Pinecone Meadow Farm has a stand of black walnut trees in the "way back." I view my plot in three parts. In the front are the maple trees. In the back is the back yard and the vegetable garden. In the way back is essentially tundra. No, I should rephrase. That's the meadow part of Pinecone Meadow. It's suffered from benign neglect, but at some point a forward-thinking farmer decided to plant a row of black walnut trees.
I learned that black walnuts engage in an interesting form of chemical warfare by sending toxins through their roots that kill other plants, including tomatoes. Since I harvested about a hundred pounds of tomatoes this season, I'm guessing they were planted far enough away. All clear for now.
And black walnuts also are a delicious food, with a bit more of a forward flavor that regular walnuts. And now I know why they're so pricey at the store. Because it's all but impossible to get the bloody things open. My cousins Vicki and Sue harvested some, staining their fingers along the way. And months later I still have shelled nuts calling out to be enjoyed. I envision a walnut tart lovingly removed from the oven, an embellishment for my signature granola, spiced and caramelized for little hostess gifts.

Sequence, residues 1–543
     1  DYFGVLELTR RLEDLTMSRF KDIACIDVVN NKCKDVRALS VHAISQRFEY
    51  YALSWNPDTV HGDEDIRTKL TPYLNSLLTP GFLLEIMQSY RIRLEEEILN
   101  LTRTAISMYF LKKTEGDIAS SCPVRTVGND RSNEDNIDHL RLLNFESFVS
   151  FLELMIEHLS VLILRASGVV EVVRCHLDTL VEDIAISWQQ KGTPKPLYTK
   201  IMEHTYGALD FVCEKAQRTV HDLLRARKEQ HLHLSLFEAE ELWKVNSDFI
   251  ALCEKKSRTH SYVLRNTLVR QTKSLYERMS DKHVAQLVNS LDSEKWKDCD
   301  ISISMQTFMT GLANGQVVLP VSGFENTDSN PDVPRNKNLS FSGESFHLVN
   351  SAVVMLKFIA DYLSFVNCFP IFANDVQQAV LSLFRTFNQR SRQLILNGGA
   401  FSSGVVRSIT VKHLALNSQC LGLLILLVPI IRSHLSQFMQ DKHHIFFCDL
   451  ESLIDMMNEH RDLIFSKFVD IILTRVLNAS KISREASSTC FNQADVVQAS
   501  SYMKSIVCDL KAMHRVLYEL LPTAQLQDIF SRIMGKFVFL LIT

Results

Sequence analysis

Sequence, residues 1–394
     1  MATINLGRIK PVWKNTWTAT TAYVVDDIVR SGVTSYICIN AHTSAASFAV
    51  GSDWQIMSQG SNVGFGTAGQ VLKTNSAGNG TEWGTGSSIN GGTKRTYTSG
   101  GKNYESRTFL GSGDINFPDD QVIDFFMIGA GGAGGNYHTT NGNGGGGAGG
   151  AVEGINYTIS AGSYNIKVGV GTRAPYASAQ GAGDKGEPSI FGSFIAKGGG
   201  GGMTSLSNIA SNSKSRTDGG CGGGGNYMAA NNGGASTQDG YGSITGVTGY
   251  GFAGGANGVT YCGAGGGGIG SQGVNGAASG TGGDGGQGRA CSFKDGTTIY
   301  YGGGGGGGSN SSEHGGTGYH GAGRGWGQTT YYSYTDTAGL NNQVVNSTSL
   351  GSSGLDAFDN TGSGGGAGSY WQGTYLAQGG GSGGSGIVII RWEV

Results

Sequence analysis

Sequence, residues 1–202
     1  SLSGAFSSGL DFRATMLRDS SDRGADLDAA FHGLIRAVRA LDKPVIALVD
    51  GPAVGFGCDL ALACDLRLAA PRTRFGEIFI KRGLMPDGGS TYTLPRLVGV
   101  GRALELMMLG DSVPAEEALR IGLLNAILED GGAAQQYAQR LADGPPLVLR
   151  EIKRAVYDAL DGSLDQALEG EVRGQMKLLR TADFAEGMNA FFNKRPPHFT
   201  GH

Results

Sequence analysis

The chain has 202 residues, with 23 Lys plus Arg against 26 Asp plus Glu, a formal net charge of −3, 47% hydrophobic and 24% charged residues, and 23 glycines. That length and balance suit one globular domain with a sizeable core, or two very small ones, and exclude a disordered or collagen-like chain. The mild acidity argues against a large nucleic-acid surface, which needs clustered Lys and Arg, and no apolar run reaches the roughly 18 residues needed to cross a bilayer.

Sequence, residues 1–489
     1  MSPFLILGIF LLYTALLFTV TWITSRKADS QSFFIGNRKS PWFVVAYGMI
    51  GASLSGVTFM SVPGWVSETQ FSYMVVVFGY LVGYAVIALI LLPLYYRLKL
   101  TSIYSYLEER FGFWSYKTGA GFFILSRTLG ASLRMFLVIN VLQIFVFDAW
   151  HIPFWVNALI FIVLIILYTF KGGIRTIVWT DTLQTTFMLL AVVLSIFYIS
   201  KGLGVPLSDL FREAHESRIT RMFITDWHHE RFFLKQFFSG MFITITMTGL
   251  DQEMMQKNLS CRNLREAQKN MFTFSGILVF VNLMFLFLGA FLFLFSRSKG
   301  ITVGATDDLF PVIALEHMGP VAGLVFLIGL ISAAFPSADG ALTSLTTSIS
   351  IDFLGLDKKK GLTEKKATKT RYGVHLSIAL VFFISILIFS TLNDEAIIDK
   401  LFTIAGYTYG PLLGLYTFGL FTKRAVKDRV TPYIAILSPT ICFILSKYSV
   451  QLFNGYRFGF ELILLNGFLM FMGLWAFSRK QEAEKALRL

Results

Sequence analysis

Instead, they sit in their bowl, impervious to hammers and plyers and any other tool I can think to try. Now I've resolved to send my request to the universe so that someone can help me enjoy them at last. OK, universe, your turn.